Meanwhile most commercial open source support agreements, even without any of the above barriers, are based on an agreement that modifications to the core code base will not be supported.

It is also true to say that vast majority of the open source-related vendors in the last decade have focused on disrupting established markets, rather than creating new markets. That isn’t to say that they haven’t innovated, but if it is true that open source developers scratch their own itch, then the dominant itch over the last few years has been market disruption.

What makes the Hadoop and NoSQL movements different is that their growth is driven less by the itches of the associated vendors than it is the itches of the users/developers. Indeed we see vendors in these markets being led by existing users/developers in trying to figure out the opportunities for commercialization.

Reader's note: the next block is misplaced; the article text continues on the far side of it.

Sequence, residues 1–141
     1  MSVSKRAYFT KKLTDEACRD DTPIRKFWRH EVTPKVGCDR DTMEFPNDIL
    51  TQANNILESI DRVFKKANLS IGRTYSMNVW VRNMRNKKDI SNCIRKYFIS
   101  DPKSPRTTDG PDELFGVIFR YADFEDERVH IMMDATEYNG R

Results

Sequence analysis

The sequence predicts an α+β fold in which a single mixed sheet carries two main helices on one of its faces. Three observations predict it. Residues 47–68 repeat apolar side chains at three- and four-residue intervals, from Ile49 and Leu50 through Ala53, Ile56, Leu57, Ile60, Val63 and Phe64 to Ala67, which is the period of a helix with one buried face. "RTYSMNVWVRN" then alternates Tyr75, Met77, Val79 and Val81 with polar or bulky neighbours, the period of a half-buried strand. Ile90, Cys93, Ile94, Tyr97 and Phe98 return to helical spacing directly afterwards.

The fact that the rise of these projects has coincided with an increased focus on collaboration and community, as well as commercial interests, has been well documented on this blog.

In short, the dominant business strategies that epitomised the vendor-dominated open source development/distribution projects of open source 3.0 limited the potential for corporate participation in collaborative development and the focus on disrupting existing markets limited the potential for true, market-establishing innovation.

The increased focus on collaborative development communities, indirect revenue generation, distributed copyright ownership and permissive licensing are more likely to deliver both innovation and corporate participation.